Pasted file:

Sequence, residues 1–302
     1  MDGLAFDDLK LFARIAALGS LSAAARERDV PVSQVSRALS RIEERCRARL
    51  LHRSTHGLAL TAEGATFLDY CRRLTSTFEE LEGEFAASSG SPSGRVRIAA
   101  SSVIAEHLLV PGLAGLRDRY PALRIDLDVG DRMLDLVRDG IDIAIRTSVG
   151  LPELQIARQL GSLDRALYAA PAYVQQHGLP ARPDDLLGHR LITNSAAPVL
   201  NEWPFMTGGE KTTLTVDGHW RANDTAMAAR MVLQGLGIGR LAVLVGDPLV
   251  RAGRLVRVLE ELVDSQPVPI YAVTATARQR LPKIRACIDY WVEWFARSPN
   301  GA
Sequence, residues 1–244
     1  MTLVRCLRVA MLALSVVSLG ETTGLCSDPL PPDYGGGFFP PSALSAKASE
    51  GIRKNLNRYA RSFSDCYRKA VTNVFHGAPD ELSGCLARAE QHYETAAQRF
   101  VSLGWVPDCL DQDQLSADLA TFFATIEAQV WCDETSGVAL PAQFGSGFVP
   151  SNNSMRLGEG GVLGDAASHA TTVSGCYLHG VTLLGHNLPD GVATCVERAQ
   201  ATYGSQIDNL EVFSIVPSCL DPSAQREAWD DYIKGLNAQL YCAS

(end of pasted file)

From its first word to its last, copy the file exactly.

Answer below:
Sequence, residues 1–302
     1  MDGLAFDDLK LFARIAALGS LSAAARERDV PVSQVSRALS RIEERCRARL
    51  LHRSTHGLAL TAEGATFLDY CRRLTSTFEE LEGEFAASSG SPSGRVRIAA
   101  SSVIAEHLLV PGLAGLRDRY PALRIDLDVG DRMLDLVRDG IDIAIRTSVG
   151  LPELQIARQL GSLDRALYAA PAYVQQHGLP ARPDDLLGHR LITNSAAPVL
   201  NEWPFMTGGE KTTLTVDGHW RANDTAMAAR MVLQGLGIGR LAVLVGDPLV
   251  RAGRLVRVLE ELVDSQPVPI YAVTATARQR LPKIRACIDY WVEWFARSPN
   301  GA
Sequence, residues 1–244
     1  MTLVRCLRVA MLALSVVSLG ETTGLCSDPL PPDYGGGFFP PSALSAKASE
    51  GIRKNLNRYA RSFSDCYRKA VTNVFHGAPD ELSGCLARAE QHYETAAQRF
   101  VSLGWVPDCL DQDQLSADLA TFFATIEAQV WCDETSGVAL PAQFGSGFVP
   151  SNNSMRLGEG GVLGDAASHA TTVSGCYLHG VTLLGHNLPD GVATCVERAQ
   201  ATYGSQIDNL EVFSIVPSCL DPSAQREAWD DYIKGLNAQL YCAS